At a time when ALL hunting sports are under increasing attack, we should be able to put our insignificant differences aside and agree that we have to stand together and defend our lifestyle against those who wish to see it eradicated altogether. Hunters criticizing hunters plays right into the anti-hunter’s playbook. They’ll use our own words and arguments to fuel the outrage against us and they’re a relentless and powerful lobby capable of eradicating what we’ve long considered a right. In short, demonstrate support for your fellow hunter because the “Anti’s” don’t need any help!

I’ll be the first to tell you, long-range hunting isn’t for everyone and it’s not the type of hunting you should engage in if you don’t have the proper equipment and training and knowledge to do so. Hunters should consider their own personal values and ethics before engaging in long-range hunting and if it’s not for you, simply don’t do it!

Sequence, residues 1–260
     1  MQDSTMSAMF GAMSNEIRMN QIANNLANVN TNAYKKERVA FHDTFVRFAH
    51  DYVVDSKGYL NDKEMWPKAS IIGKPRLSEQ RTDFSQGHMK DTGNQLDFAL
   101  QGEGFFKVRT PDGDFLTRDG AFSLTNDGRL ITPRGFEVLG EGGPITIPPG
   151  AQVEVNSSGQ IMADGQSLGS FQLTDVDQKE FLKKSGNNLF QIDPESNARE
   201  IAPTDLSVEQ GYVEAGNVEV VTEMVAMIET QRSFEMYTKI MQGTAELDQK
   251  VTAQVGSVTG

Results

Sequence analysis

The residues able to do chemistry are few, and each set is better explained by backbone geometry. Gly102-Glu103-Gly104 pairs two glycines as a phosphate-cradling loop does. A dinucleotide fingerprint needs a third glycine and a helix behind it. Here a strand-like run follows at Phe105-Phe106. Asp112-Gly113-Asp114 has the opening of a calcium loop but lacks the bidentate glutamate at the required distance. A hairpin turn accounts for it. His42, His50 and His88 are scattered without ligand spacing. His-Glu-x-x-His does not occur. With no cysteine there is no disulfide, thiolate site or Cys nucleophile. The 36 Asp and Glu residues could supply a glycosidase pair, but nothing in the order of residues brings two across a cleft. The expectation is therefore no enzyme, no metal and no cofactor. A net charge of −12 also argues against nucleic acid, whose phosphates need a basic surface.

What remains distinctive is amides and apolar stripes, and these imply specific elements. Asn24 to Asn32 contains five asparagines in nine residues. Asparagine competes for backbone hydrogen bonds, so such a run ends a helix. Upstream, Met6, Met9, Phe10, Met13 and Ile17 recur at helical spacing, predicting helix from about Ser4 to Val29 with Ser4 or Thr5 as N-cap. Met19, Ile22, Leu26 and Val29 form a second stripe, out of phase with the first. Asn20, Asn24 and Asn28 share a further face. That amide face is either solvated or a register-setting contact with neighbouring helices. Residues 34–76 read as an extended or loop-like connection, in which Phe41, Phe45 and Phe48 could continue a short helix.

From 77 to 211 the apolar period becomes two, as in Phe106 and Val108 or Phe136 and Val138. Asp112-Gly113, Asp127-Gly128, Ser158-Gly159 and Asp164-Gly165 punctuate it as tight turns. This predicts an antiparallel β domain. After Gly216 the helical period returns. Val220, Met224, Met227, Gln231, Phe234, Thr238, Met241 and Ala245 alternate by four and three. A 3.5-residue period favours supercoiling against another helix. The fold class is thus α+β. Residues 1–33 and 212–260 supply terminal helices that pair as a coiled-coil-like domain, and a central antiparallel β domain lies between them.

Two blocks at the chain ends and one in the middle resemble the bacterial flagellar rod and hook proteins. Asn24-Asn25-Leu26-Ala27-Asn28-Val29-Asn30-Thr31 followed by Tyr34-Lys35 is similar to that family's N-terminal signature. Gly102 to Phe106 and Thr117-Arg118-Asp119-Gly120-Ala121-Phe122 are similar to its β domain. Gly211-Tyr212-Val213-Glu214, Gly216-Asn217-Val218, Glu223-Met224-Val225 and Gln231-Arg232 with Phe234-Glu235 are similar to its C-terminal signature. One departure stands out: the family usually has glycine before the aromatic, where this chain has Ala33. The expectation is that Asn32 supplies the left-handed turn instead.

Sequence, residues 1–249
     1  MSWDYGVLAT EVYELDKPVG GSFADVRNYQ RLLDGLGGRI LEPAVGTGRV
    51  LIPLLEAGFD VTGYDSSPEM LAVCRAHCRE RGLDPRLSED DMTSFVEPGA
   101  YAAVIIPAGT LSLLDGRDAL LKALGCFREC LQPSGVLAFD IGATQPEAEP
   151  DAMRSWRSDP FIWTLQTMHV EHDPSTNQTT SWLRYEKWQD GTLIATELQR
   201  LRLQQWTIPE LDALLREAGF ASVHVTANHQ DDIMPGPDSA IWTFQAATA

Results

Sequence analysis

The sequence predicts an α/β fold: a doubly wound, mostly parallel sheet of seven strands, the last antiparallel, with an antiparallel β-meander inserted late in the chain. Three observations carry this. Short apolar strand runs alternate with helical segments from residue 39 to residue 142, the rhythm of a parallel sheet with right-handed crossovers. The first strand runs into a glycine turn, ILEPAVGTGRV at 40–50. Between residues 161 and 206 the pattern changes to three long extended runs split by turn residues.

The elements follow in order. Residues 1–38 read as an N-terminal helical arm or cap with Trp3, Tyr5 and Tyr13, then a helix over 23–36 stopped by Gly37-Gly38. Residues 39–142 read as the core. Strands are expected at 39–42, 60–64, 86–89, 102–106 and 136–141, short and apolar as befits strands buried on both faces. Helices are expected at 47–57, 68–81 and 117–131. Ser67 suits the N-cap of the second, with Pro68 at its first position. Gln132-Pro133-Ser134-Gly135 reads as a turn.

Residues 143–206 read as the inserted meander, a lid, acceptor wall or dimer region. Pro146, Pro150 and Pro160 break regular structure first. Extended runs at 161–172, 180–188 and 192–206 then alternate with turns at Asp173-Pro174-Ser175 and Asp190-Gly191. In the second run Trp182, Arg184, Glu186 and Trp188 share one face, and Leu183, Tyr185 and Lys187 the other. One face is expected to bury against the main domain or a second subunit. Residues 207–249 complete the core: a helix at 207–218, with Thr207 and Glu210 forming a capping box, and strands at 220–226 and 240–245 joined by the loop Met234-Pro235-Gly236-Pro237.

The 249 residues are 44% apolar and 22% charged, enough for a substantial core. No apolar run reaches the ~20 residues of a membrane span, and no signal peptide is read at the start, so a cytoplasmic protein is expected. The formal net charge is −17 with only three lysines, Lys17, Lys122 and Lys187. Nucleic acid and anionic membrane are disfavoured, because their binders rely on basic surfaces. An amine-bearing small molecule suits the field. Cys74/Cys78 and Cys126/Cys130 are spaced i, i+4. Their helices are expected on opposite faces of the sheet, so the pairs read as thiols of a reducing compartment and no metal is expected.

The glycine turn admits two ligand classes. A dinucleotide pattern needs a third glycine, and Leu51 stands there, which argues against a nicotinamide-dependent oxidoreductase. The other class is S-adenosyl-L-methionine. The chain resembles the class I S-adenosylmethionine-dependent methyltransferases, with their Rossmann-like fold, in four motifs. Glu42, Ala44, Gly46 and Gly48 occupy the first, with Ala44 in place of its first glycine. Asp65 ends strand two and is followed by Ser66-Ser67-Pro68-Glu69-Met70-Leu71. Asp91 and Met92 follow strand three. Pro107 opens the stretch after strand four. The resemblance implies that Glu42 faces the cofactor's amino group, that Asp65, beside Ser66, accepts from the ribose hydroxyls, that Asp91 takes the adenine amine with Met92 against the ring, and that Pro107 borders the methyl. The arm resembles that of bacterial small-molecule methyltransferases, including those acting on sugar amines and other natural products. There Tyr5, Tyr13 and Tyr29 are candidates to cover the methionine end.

Ultimately, the decision to engage in long-range hunting is a personal one that should be based on a thorough understanding of the potential risks and ethical considerations involved. Hunters should prioritize the safety and welfare of the animals they hunt and practice with their weapon until they’ve gained proficiency at all reasonable distances. The goal being to determine your effective range and to shoot within these capabilities when hunting. The potential for poor shot placement is not unique to long-range hunting and the criticism that emerges from within the hunting community serves only to divide us and strengthen our adversaries. As a long-range hunter, be considerate of the image you portray to others. Taking risky shots, unsupported shots or unreasonably long shots just for the sake of bragging rights are behaviors that give us all a bad name. Be responsible, ethical and professional in your pursuits. Strive for excellence with your system, upgrade your equipment to improve accuracy and overall results and only take shots you know with reasonable certainty you can make.